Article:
Federal Reserve slashes rates to zero, restarts QE

The Federal Reserve made an emergency announcement Sunday afternoon by announcing that it would be cutting interest rates to zero for the first time since the financial crisis.

The central bank said it will use its “full range of tools” to battle the economic impacts of the novel coronavirus and announced quantitative easing in the form of at least $700 billion of asset purchases. It also encouraged banks to provide credit to the economy by eliminating reserve requirements and allowing the financial firms to tap into capital and liquidity buffers.

In a global effort, the Fed also announced standing U.S. dollar liquidity swap line arrangements in coordination with the Bank of Canada, the Bank of England, the Bank of Japan, the European Central Bank, and the Swiss National Bank. 

“The Federal Reserve is prepared to use its full range of tools to support the flow of credit to households and businesses and thereby promote its maximum employment and price stability goals,” the Fed said in a statement.

The Fed said the coronavirus outbreak “harmed communities and disrupted communities in many countries,” adding that the U.S. labor market still appeared “strong” as the U.S. economy rose at a “moderate rate.”

But the Fed on Sunday slashed rates by 100 basis points, less than two weeks after it had already made an impromptu 50 basis point cut. 

“The Committee expects to maintain this target range until it is confident that the economy has weathered recent events and is on track to achieve its maximum employment and price stability goals.”

The Fed also resumed the crisis-era policy of large-scale asset purchases by committing to Treasury purchases of at least $500 billion and agency mortgage-backed securities of at least $20 billion “over coming months.”

The central bank was scheduled to hold a Federal Open Market Committee meeting on March 17-18 with a policy announcement on March 18. In the face of accelerating cases of the coronavirus around the world, the Fed pulled the decision forward.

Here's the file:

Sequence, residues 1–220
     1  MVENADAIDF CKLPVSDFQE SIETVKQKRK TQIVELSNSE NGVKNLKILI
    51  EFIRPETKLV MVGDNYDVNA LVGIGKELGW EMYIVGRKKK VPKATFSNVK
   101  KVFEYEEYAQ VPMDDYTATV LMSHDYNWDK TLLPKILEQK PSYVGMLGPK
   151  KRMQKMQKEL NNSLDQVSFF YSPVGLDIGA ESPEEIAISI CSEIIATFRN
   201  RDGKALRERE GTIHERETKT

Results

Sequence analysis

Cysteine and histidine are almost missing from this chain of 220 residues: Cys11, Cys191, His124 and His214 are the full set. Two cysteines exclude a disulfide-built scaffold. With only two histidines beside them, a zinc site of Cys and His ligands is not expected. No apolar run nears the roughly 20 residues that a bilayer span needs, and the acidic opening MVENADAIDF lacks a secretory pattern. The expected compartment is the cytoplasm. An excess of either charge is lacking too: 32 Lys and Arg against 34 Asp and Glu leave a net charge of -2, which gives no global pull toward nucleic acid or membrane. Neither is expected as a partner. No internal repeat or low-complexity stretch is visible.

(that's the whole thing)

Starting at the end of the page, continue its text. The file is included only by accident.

The decision was voted on by all members of the FOMC with the exception of Cleveland Fed President Loretta Mester, who supported all the actions but preferred only a 50 basis point cut to a target range of between 0.5% and 0.75%.

Maintaining credit

The Fed said it is “carefully monitoring credit markets,” where market liquidity has been a concern as markets churned over the impact of the coronavirus.

The central bank announced a number of measures on Sunday to motivate banks to support businesses as quarantines around the country raise concerns that businesses will have to close their doors and possibly lay off workers.

As a key regulator of the banks, the Fed said the financial institutions should feel comfortable tapping into the discount window as a tool for addressing “potential funding pressures.” In the past, banks have been hesitant to tap into the direct lines of funding because of the stigma associated with relying on the Fed for emergency funds.

The Fed said banks were welcome to borrow from the discount window for periods as long as 90 days, “prepayable and renewable by the borrower on a daily basis.”

The Fed also said firms could use their capital and liquidity buffers to lend, and reduced reserve requirement ratios to zero percent effective on March 26. 

“This action eliminates reserve requirements for thousands of depository institutions and will help to support lending to households and businesses.”

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Brian Cheung is a reporter covering the Fed, economics, and banking for Yahoo Finance. You can follow him on Twitter @bcheungz.

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